April 7, 2009 / 2:42 PM / 9 years ago

CANADA STOCKS-TSX dragged lower by bank woes, lower oil

* TSX falls 136 points to 8,879.71

* Banks and energy shares headline drop

* Materials only group in higher territory (Adds details)

By Frank Pingue

TORONTO, April 7 (Reuters) - Toronto’s main stock index was down more than 1.5 percent on Tuesday morning as concerns about toxic assets rattled shares of banks and insurers, while a drop in oil prices pulled down the energy sector.

The financial sector was down 1.7 percent following news that the International Monetary Fund was about to forecast that toxic assets racked up by banks and insurers could hit $4 trillion. [ID:nT186243]

Royal Bank of Canada (RY.TO) was down 2.7 percent at C$37.17, while Toronto-Dominion Bank (TD.TO) fell 2.3 percent to C$44.22.

“The toxic assets are obviously key, and with oil prices underneath $50 (a barrel) that’s quite a bit of negative for Canada,” said Sal Masionis, stockbroker at Brant Securities.

The price of oil, a key Canadian export that often influences direction for the TSX, pulled the energy sector down by 2.65 percent.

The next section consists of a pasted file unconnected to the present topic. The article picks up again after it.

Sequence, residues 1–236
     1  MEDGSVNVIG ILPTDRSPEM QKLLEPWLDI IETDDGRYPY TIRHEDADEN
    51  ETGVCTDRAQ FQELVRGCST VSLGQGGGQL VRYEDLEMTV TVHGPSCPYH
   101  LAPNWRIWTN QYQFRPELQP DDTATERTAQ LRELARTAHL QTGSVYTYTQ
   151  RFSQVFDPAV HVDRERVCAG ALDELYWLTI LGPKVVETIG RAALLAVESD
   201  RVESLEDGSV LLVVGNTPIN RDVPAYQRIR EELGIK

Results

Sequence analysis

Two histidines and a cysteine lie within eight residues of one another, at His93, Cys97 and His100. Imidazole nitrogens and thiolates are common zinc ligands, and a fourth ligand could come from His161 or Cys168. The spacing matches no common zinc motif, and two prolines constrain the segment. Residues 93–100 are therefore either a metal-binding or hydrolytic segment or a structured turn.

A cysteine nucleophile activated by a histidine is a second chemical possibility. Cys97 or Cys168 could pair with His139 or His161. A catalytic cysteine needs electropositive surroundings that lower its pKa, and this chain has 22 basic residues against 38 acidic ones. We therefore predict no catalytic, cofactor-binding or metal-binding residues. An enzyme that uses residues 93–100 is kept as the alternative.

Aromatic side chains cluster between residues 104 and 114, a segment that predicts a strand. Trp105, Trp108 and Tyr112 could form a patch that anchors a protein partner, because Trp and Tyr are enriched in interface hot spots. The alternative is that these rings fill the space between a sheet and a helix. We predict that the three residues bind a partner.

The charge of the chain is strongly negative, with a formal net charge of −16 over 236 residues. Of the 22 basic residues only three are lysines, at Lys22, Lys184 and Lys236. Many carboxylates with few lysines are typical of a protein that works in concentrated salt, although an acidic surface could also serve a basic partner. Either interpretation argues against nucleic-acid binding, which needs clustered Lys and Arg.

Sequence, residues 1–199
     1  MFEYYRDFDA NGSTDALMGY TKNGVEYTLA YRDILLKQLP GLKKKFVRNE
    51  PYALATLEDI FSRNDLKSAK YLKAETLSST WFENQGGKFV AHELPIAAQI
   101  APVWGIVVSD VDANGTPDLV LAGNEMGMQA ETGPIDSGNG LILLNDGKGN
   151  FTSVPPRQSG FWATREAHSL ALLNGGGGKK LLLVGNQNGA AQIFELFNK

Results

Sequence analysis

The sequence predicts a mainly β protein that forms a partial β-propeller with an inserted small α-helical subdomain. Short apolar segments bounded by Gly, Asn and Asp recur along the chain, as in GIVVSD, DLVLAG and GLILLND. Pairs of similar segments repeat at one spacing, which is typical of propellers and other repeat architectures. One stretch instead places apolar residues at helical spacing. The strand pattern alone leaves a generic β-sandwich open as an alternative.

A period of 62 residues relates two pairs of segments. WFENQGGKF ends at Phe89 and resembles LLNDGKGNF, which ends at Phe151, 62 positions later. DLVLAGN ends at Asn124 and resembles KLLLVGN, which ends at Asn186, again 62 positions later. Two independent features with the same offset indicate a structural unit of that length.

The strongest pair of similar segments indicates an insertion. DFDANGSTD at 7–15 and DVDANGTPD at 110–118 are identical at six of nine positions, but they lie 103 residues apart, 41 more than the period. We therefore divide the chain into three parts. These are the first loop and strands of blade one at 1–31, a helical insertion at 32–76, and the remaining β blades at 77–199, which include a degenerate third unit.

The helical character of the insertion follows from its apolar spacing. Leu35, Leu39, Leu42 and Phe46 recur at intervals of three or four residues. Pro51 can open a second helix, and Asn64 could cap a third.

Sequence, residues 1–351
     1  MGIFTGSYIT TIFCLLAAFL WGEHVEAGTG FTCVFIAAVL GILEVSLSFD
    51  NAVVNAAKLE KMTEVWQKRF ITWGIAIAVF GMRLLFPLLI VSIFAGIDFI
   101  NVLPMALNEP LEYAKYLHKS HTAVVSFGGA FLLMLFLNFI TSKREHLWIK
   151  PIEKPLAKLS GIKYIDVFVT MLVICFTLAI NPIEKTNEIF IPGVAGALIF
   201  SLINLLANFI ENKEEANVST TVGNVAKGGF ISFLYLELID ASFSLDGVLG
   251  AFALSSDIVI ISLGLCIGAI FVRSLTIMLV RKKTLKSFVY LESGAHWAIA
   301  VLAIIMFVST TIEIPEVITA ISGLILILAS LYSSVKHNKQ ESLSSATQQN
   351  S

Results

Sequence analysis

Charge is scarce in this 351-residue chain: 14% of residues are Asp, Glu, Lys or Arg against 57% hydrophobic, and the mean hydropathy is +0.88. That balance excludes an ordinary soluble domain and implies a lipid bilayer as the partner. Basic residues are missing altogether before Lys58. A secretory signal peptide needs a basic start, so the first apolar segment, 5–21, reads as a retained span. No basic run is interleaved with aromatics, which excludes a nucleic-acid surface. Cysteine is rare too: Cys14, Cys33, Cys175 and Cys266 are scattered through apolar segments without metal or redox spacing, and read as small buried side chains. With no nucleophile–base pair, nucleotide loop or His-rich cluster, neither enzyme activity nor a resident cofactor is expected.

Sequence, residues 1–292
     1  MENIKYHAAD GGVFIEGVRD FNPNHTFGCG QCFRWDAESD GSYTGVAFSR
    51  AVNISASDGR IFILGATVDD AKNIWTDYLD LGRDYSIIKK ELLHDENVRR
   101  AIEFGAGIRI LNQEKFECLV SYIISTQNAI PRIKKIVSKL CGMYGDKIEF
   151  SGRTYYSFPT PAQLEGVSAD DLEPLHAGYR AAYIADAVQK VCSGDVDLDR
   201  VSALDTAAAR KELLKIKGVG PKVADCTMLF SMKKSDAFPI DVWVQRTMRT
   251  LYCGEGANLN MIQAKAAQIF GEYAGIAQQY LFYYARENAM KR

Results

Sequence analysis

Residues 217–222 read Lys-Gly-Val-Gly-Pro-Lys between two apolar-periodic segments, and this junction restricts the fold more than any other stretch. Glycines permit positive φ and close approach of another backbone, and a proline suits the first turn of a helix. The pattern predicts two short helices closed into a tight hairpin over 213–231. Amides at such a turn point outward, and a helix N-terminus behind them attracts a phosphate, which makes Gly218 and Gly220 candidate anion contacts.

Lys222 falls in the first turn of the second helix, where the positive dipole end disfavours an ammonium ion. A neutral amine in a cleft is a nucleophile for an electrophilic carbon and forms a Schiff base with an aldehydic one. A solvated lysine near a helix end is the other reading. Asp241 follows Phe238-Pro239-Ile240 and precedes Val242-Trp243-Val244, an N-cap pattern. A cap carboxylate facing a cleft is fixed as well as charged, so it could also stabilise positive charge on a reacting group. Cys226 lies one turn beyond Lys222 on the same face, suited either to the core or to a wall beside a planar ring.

Shares of EnCana Corp (ECA.TO), the biggest drag on the overall index, were down 3.7 percent at C$52.84, while Canadian Natural Resources (CNQ.TO) was off 3.2 percent at C$51.77.

At 10:25 a.m. (1425 GMT), the S&P/TSX composite index .GSPTSE was down 136.46 points, or 1.51 percent, at 8,879.71. Nine of the TSX’s 10 sectors were lower.

The materials group, home to resource companies, rose 0.95 percent and was the only sector in higher territory, helped mainly by firmer prices for gold.

Goldcorp (G.TO) shares rallied 2.8 percent to C$38.41 and Barrick Gold Corp (ABX.TO) was up 2.4 percent at C$36.46.

Masionis also said the TSX, which is coming off four weeks of gains, could be in for some selling as aluminum company Alcoa Inc (AA.N) is scheduled to kick off a quarterly reporting season on Tuesday that is expected to be gloomy.

“This is will be a pretty brutal earnings season but that’s is partly priced into the market,” Masionis said.

The four-week rally by the TSX followed its plummet in early March to its lowest level in more than five years, which left many stocks at severely reduced levels.

$1=$1.24 Canadian Editing by Peter Galloway

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